Warts and all

I have one lofty goal for 2019: rid my children of warts. “Aim high,” I always say. This may seem silly, but a wart-free household would be a major victory right now. You see, warts are gross, and the fact that my kids have them makes me feel gross and also like I have failed to ensure that they are clean human beings. Seventy-five percent of my children have at least one wart; I feel like this is a failing grade for me as a mother. One child has a wart on each hand, where the Band-Aids and tape are visible for all to see . . . and comment on, prompting shame. At least the other warts in the family are all on their feet, hidden away under layers of Wisconsin winter wear; however, those are the ones easier to ignore, and then all of a sudden the virus is out of control, warts are everywhere, and it almost makes sense to excise whole toes and be done with it. 

It dawned on me that this wart debacle in my household at least can be used as a great allegory for the virus of sin, spreading and deepening its roots in us. Some sins are out there in the open, like the warts on my son’s hands, prompting a bit more shame and a sense of urgency to confess that help is needed. But some are hidden away on pinky toes, festering and growing, spreading their sickness to other more prominent toes.

God didn’t talk about warts much in the Bible (perhaps because there were more dire skin diseases like leprosy and boils to be measuring); instead, God used yeast as a similar word picture for sin, as bread making was a process his people knew.

In the book of Exodus, as God was preparing the Israelites for the Passover, he made it very clear that they needed to remove the yeast from their houses so that it would not work its way into their unleavened bread. This yeast-free bread was powerful imagery for God’s people every time they celebrated the Passover meal thereafter.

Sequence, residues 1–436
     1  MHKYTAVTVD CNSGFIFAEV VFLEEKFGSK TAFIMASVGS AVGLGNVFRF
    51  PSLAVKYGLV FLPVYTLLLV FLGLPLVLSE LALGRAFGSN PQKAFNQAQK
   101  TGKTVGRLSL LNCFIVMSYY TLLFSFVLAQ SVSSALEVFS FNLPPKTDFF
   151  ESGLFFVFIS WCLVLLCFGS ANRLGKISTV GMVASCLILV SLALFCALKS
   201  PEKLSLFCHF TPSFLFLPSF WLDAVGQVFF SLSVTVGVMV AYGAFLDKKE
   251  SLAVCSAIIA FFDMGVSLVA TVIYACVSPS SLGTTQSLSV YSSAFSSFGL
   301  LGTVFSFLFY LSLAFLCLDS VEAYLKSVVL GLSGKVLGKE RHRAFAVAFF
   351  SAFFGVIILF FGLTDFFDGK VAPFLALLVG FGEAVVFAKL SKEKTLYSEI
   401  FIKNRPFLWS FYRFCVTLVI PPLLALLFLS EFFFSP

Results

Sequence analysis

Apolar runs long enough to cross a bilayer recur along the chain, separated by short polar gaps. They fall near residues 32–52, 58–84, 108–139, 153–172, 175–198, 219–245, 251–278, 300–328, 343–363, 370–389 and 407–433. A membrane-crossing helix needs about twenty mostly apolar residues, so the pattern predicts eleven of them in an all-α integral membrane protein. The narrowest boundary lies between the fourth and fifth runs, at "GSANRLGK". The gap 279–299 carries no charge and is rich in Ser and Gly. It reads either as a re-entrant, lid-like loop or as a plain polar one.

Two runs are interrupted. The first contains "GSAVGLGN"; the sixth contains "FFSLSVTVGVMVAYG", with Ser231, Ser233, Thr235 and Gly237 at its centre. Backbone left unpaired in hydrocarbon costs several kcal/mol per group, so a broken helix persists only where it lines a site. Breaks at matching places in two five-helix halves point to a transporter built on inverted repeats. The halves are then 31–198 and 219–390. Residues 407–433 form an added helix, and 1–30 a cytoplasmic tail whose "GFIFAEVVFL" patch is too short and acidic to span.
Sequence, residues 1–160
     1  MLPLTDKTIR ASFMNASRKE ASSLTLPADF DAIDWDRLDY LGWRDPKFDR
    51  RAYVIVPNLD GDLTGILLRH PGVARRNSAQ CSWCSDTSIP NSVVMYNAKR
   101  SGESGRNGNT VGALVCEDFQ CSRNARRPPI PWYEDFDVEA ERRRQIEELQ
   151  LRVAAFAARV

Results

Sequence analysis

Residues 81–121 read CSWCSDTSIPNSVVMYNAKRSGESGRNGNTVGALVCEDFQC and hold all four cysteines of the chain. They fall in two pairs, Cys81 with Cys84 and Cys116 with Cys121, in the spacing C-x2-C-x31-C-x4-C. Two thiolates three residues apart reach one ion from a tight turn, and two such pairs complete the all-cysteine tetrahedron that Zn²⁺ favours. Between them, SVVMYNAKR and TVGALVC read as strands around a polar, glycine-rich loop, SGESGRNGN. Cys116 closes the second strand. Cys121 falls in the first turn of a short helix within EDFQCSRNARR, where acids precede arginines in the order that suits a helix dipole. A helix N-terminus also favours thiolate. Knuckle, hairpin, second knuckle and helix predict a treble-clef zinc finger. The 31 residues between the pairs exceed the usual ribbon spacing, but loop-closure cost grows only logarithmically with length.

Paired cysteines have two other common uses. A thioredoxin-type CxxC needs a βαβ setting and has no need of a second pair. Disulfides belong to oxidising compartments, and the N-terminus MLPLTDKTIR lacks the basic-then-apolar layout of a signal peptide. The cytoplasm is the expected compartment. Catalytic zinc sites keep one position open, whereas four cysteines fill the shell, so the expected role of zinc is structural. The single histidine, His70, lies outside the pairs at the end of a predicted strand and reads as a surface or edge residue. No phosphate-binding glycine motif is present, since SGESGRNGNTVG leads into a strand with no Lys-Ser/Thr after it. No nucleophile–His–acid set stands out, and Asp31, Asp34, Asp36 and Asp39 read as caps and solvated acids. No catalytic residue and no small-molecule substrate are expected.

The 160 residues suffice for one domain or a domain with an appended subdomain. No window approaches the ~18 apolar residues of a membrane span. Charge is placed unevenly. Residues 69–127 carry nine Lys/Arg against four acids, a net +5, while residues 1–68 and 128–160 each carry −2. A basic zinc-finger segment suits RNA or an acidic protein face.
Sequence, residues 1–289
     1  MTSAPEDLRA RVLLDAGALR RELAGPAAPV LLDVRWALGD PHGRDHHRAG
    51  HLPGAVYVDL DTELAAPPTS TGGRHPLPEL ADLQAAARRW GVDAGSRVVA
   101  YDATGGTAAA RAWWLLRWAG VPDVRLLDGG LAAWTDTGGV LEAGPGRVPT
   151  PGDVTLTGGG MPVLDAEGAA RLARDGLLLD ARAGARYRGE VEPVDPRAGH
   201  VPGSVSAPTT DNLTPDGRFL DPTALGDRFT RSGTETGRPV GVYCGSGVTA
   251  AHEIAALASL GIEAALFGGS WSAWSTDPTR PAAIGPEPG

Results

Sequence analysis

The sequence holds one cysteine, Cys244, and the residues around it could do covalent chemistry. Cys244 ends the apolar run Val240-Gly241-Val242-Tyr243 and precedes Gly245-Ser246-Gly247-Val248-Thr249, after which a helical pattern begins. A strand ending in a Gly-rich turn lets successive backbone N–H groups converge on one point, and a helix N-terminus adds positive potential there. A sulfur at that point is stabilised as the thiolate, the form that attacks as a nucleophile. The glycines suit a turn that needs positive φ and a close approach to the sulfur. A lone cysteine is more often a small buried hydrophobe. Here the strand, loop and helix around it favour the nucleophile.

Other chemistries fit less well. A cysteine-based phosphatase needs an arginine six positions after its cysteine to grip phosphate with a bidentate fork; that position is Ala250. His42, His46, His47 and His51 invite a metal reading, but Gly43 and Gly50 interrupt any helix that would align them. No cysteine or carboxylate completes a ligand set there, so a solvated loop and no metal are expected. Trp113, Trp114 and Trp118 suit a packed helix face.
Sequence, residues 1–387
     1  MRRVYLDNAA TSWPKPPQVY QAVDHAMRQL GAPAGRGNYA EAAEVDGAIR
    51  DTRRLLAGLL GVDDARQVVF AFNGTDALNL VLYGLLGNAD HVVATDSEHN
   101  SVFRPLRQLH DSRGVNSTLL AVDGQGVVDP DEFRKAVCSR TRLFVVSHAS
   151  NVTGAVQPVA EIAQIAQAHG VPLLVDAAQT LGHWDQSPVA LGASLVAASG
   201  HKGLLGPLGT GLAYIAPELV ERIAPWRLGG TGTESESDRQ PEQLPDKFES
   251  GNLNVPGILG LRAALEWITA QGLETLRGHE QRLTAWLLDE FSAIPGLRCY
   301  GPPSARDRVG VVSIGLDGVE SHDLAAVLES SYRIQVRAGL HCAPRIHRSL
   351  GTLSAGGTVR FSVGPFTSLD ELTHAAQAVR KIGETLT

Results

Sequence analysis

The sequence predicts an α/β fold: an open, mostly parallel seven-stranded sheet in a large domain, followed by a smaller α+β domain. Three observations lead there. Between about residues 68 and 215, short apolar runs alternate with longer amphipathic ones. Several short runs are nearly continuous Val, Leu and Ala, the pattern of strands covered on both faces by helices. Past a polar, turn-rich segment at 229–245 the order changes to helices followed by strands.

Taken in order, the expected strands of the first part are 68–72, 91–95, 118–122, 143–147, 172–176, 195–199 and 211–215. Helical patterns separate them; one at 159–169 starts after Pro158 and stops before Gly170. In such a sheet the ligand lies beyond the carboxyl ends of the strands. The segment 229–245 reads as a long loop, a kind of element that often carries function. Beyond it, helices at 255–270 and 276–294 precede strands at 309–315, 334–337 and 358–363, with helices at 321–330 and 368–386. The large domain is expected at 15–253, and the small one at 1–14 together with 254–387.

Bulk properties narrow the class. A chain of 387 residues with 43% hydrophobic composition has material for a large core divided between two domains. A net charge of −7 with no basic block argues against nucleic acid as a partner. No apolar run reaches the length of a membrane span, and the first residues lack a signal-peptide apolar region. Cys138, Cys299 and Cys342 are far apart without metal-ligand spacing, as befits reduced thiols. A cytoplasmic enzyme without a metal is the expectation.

Years later, in a letter to the Corinthians, Paul used that same image of yeast as he warned the congregation to expel the sin among them: “Don’t you know that a little yeast leavens the whole batch of dough? Get rid of the old yeast, so that you may be a new unleavened batch—as you really are. For Christ, our Passover lamb, has been sacrificed” (1 Corinthians 5:6,7).

I love making bread; it is always amazing to me that the tiny yeast organisms can permeate the whole batch and cause the dough to rise and grow. Amazing . . . and a bit scary when you start picturing that yeast as sin, working its way through our hearts, through our families, through our congregations. Paul knew the pervasive effects of sin, and that is why he urged the Corinthians to get to the root of their problem. This is not a simple process, but it is a necessary one.

Allow me to give you a glimpse of the wart-removal process that happens in my house every night. There is a headlamp and a Leatherman involved. There is poking, scraping, digging; and there is blood and there are tears. There is comfort for the children, but there are also murmurings of, “Quit crying or I’ll give you something to cry about! This is for your own good!” And after the little soldiers have retired to their bunks, there is the disinfecting and the spraying of antibacterial essential oils on the bathroom battlefield. All this to ensure that no new warts spring up among us. It is painful to get at the root of the wart. It is painful to get at the root of sin. But only when we are scrubbed by the pumice stone of the law can we realize the full cleansing power of the gospel. 

Dear Christian, it may seem daunting, discouraging, and downright impossible to get rid of this yeast infection of sin. But did you catch that last part of the passage in Corinthians? Paul said, “Get rid of the old yeast, so that you may be a new unleavened batch—as you really are. For Christ, our Passover lamb, has been sacrificed.” What he is saying is that God looks at us—warts and all—and he sees his own Son, our Passover Lamb. He sees us as we really are, scoured by the blood of Christ. Confession. Absolution. And then comes the joy of living as we really are, sanctified children of God, awaiting the day we join him in heaven, which is blessedly wart free. 



Missy lives in Green Bay, WI, with her husband, Jon, where they own and run Copper State Brewing Company. She homeschools their four active children, oftentimes at the brewery, and they somehow keep learning in spite of her. Missy loves witty banter, adventures of all sorts, and coffee . . . lots of coffee. And Jesus . . . lots of Jesus.


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